The best science fiction stories create a bridge between ambitious, precisely calculated genre concepts and the deep, emotional truths that unite us all. Keeping the balance between intricate sci-fi backdrops and delicate matters of the heart is a high-wire act that only succeeds with tremendous care, passion and narrative grace. In his debut novel, The Vanished Birds, Simon Jimenez has announced himself as a graceful, spellbinding storyteller with the gifts to pull it off.
The Vanished Birds charts, in its carefully selective way, centuries of human history and advancement, ultimately catapulting us into a future carved out of glittering corporate-run space stations and far-flung starships that zip through folds in spacetime. It’s into this future, where time is as much of a commodity as any physical good, that Jimenez drops Nia Imani, a woman whose job as captain of a time-folding ship means she’s constantly losing time. Months of travel for her mean years lost on either side of the journey, and this constant sense of detachment has left her unmoored. Then she meets a mysterious boy who fell from the sky onto a distant planet, a boy with a gift for music who could also be destined for much more. Together, they find a bond neither dreamed possible, but powerful forces also want the boy, and a struggle lies ahead.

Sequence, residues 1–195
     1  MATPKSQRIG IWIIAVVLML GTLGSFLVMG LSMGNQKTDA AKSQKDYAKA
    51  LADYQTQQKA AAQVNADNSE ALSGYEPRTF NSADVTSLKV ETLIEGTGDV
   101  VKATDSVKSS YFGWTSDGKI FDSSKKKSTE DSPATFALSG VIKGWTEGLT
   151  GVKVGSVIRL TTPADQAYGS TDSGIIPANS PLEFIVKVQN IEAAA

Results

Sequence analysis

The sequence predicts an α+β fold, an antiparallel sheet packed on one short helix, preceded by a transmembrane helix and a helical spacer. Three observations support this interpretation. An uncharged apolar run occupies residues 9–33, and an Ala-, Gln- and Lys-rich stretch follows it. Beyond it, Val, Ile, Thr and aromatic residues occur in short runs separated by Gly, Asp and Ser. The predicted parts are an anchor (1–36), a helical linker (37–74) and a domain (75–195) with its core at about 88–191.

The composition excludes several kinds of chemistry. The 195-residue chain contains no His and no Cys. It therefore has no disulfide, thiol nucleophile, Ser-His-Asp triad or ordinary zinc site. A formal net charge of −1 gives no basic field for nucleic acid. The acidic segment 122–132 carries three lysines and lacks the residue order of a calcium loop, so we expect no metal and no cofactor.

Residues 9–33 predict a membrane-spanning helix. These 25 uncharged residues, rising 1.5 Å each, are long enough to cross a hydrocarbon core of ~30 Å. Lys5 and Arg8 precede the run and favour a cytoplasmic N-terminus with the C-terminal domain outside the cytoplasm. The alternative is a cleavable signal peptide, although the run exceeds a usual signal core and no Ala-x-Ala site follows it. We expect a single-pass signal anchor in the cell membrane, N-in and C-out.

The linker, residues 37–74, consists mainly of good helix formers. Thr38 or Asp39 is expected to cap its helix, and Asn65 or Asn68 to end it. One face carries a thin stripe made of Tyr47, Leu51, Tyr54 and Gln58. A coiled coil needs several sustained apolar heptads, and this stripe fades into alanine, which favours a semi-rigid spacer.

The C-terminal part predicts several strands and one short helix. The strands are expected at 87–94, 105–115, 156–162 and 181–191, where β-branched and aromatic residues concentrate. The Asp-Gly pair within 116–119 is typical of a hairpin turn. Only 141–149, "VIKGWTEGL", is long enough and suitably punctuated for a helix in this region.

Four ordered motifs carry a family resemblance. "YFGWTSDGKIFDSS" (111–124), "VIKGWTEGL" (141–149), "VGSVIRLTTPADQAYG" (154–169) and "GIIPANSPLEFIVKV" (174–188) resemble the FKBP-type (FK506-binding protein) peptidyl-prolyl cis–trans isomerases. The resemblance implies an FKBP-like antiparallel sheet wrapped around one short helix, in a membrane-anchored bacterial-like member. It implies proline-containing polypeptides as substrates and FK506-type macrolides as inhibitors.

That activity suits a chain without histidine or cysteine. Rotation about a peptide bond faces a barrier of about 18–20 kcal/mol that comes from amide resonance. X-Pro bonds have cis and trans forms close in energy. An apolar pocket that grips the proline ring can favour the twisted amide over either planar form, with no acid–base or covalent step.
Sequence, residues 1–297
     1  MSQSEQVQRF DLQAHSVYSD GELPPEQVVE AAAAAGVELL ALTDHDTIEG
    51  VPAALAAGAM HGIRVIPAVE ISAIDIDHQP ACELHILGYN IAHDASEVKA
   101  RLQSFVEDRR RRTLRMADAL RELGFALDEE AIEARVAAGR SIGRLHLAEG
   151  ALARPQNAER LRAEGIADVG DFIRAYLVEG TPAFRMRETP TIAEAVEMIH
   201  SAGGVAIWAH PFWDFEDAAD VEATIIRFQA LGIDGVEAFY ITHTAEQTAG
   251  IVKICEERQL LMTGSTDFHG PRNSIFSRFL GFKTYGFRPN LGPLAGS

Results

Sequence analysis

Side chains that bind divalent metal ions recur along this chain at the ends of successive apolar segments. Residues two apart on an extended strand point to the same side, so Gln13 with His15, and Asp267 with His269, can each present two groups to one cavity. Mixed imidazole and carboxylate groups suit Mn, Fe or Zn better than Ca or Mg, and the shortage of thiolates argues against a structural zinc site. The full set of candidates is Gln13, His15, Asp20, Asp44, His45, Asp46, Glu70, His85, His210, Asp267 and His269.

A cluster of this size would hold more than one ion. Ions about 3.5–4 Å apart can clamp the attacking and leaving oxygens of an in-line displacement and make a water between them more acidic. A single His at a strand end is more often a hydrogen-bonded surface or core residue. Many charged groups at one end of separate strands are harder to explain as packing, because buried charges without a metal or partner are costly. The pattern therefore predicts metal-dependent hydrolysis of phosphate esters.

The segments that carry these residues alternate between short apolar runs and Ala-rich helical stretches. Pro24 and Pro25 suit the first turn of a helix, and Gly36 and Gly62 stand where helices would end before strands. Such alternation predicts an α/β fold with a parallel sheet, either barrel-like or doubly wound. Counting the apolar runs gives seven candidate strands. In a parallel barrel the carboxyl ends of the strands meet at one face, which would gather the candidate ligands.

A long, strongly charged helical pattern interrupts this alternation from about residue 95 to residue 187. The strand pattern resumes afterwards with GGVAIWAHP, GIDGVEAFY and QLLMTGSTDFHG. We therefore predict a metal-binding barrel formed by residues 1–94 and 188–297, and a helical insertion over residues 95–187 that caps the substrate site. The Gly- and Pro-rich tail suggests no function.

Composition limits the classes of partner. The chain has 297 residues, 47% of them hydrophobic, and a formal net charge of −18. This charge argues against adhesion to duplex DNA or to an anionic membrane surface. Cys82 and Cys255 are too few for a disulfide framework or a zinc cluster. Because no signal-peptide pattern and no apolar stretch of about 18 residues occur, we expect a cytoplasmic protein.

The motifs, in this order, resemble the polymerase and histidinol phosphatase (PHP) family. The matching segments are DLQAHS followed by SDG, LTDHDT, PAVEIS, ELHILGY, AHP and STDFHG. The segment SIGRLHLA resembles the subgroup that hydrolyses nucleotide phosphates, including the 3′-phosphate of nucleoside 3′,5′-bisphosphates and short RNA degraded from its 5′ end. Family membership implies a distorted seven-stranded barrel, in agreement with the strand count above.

Though Jimenez’s prose feels right at home in a universe of interstellar travel and space station settlements, The Vanished Birds soars highest when the author is navigating the complex emotional avenues through which much of this deeply human story unfolds. The book never fails to deliver the science fiction goods, and fans of high-concept leaps will be satisfied, but the book’s emotional core is what makes it fly.
The Vanished Birds strikes a breathless balance between the conceptually dazzling and the emotionally resonant, and it’s in that balance that a bright new voice in genre fiction is born.